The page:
Great hiking trails at U.S. National Parks

Take advantage of free admission during National Park Week for hiking adventures. Photo: Jill K. Robinson

HALF MOON BAY, Calif., April 20, 2012—Hikers have a wealth of opportunities across the United States for ways to enjoy the great outdoors. Whether it’s a daylong outing, or a multi-day trek, U.S. National Parks offer a variety of trail choices. Why not take advantage of some of the best during National Park Week?

From April 21 to 29, all 397 of U.S. National Parks offer free admission, giving everyone a chance to access 84 million acres of the world’s most beautiful scenery, cultural treasures and historic landmarks, all without reaching for their wallets.

There are plenty of hiking opportunities in national parks across the country, but here are a few to get you inspired:

Yosemite National Park: Upper Yosemite Fall

Yosemite National Park has a variety of trails for experiences and novice hikers. (Photo: Jill K. Robinson)

Yosemite National Park has a variety of trails for experiences and novice hikers. (Photo: Jill K. Robinson)

This 7-mile roundtrip hike takes in the upper fall, lower fall and middle cascade that combined make the tallest waterfall (2,425 feet) in North America. The trail was completed in 1877. The dozens of switchbacks of Upper Yosemite Fall trail lead to the Columbia Rock Overlook. Continuing on to the top of the trail allows you a view from the top of Upper Yosemite Fall.

Grand Canyon National Park: Bright Angel Trail

The Bright Angel Trail dips below the South Rim of Grand Canyon National Park, and can be as long as a 12-mile round trip hike, or less, depending on when you decide to turn back. Switchbacks start the descent below the rim, and the trail leads across the Upper Tonto Platform, through Indian Garden and down to the Colorado River.

Yellowstone National Park: Pebble Creek Trail

The country’s first national park, Yellowstone National Park is more than Old Faithful. Get an eyeful of breathtaking views on the 12-mile Pebble Creek Trail. Wildflowers, big wildlife, creek crossings, a glacial-cut valley and views of 10,000-foot peaks are just some of the trail’s treats.

Great Smoky Mountains National Park: Appalachian Trail

Considered “America’s most-visited national park,” the Great Smoky Mountains National Park is an ideal place to hike along the Appalachian Trail. The entire trail is 2,181 miles and runs through 14 states, but if you’re not planning to hike the whole thing, try any segment of the 70 miles that wind through this park. If you’ll be headed out for longer than a day, be sure to follow backcountry safety tips.

Acadia National Park: Precipice Trail

The Precipice Trail is the most well-known and challenging trail in Acadia National Park. The 1.6-mile trail has a nearly 1,000-foot vertical climb on Champlain Mountain, with iron rungs and ladders on exposed cliffs. This trail is the perfect challenge for those who lack a fear of heights and are physically fit.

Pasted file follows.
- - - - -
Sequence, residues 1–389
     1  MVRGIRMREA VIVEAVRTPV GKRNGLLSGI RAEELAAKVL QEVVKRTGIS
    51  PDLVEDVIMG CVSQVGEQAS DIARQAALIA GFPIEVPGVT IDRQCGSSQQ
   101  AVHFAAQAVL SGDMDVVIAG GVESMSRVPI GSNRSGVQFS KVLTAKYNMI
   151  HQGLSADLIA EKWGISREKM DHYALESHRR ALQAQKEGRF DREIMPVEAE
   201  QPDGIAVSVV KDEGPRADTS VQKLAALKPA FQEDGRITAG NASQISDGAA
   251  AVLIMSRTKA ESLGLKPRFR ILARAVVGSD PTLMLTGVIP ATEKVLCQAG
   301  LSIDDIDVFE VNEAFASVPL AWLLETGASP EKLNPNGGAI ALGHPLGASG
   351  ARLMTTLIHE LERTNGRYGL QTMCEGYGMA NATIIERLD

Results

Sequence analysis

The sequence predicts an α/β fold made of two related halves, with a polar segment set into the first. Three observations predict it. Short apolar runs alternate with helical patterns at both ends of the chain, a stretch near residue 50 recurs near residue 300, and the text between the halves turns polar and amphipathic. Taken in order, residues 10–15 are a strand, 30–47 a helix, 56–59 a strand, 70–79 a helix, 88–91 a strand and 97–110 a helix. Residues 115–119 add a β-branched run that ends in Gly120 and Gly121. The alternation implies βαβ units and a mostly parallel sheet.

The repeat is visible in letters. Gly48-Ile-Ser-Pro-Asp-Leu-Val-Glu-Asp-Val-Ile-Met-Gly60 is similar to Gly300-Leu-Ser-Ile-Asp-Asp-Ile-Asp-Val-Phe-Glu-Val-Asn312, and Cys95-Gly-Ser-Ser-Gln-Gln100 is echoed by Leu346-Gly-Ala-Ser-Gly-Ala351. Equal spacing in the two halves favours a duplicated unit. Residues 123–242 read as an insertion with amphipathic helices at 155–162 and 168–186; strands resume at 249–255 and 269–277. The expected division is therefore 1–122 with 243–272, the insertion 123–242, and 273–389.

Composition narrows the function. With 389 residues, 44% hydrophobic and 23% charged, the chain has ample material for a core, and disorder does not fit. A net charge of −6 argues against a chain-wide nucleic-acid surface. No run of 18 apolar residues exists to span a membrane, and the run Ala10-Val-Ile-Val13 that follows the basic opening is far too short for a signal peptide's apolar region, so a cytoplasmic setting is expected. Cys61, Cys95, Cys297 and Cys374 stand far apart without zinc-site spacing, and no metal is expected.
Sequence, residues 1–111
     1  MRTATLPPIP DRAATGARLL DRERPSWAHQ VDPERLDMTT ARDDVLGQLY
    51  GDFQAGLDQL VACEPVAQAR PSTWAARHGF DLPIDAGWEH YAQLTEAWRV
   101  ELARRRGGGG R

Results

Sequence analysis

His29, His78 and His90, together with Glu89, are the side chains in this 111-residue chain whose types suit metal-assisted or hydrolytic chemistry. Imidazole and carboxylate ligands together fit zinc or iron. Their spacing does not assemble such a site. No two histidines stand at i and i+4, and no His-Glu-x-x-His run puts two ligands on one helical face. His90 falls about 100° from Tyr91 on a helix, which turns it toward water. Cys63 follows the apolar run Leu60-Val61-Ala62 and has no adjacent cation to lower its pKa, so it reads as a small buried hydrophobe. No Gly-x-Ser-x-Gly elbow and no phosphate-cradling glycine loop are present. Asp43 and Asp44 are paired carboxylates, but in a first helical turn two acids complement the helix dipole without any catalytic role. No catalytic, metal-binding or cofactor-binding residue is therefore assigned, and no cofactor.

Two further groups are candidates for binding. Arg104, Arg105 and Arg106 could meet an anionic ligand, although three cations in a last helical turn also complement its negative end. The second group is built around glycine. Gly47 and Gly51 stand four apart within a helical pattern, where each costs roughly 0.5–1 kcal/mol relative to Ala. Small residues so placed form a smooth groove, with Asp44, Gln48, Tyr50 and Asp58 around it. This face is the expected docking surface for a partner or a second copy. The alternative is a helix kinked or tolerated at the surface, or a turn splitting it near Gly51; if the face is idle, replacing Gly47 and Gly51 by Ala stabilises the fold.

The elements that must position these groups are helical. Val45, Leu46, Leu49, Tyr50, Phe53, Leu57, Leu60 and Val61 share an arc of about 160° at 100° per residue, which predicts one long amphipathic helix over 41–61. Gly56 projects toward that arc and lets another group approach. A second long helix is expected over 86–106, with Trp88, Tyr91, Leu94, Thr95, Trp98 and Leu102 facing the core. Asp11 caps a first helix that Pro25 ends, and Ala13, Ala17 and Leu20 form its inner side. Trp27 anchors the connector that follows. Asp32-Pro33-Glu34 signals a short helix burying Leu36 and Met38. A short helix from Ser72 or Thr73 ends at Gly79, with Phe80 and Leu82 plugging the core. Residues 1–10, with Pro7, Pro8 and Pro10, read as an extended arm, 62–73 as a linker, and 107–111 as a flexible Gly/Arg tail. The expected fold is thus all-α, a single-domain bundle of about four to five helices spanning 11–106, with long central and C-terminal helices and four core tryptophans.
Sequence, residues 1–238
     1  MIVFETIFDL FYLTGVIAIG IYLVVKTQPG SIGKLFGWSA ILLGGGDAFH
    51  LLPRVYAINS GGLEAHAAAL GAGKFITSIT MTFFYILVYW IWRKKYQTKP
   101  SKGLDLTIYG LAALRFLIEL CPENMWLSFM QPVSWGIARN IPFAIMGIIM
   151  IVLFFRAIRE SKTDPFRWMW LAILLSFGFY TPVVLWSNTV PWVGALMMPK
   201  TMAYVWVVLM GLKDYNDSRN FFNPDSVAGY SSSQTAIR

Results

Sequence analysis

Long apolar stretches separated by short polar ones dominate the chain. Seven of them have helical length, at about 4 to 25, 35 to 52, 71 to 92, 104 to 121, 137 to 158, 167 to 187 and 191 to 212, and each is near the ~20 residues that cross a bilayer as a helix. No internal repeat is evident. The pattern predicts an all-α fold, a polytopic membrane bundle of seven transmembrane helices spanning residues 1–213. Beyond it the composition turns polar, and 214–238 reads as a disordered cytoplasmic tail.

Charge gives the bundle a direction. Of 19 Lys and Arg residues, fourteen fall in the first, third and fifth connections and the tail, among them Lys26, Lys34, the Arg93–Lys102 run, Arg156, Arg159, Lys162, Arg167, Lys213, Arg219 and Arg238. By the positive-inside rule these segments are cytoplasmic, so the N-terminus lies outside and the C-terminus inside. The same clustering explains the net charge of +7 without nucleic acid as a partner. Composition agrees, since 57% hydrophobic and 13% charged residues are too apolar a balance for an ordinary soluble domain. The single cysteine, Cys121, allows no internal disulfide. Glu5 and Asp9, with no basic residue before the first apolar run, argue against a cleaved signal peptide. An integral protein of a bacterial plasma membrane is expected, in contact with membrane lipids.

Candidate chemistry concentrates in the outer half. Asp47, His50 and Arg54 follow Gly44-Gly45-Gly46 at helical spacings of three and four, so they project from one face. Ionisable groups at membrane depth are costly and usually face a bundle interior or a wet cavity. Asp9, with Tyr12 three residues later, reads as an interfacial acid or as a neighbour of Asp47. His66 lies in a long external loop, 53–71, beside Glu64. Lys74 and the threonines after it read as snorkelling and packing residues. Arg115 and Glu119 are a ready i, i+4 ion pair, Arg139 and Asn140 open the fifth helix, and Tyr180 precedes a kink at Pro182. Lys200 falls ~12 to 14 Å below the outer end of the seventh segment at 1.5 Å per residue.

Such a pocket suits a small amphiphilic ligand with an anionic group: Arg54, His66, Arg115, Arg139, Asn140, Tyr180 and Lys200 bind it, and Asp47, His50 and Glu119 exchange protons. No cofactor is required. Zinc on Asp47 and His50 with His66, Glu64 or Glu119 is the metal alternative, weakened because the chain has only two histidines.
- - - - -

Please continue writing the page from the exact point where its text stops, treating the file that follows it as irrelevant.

Can’t make it outdoors during National Park Week? More fee-free days in 2012 are: June 9, Sept. 29 and Nov. 10-12.

Jill K. Robinson is an award-winning journalist and adventure seeker. Follow her adventures on dangerjillrobinson.com and Twitter @dangerjr. Jill is an avid kayaker and owner of Half Moon Bay Kayak Company.


This article is the copyrighted property of the writer and Communities @ WashingtonTimes.com. Written permission must be obtained before reprint in online or print media. REPRINTING TWTC CONTENT WITHOUT PERMISSION AND/OR PAYMENT IS THEFT AND PUNISHABLE BY LAW.

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Jill K. Robinson

An award-winning journalist and adventure seeker, Jill K. Robinson has been a columnist with The Washington Times, Communities section since 2011.

Her work has appeared in the San Francisco Chronicle, American Way, Every Day With Rachael Ray, Robb Report, Westways, Journey, Let's Go with Ryanair, World Hum, Gadling, Lonely Planet and more. She lives in a small California beach town near the big wave surf spot, Mavericks, and divides her time between writing about travel, running a kayak business and trying to wring awe-inspiring adventure out of every day.

Always eager to take a leap into the unknown and experience new things, Jill shares adventure sport and travel highlights—even when the adventure isn’t adrenaline pumping or bone crushing. Adventure is sometimes only a state of mind.

Find Jill on dangerjillrobinson.com and Twitter @dangerjr 

Contact Jill K. Robinson

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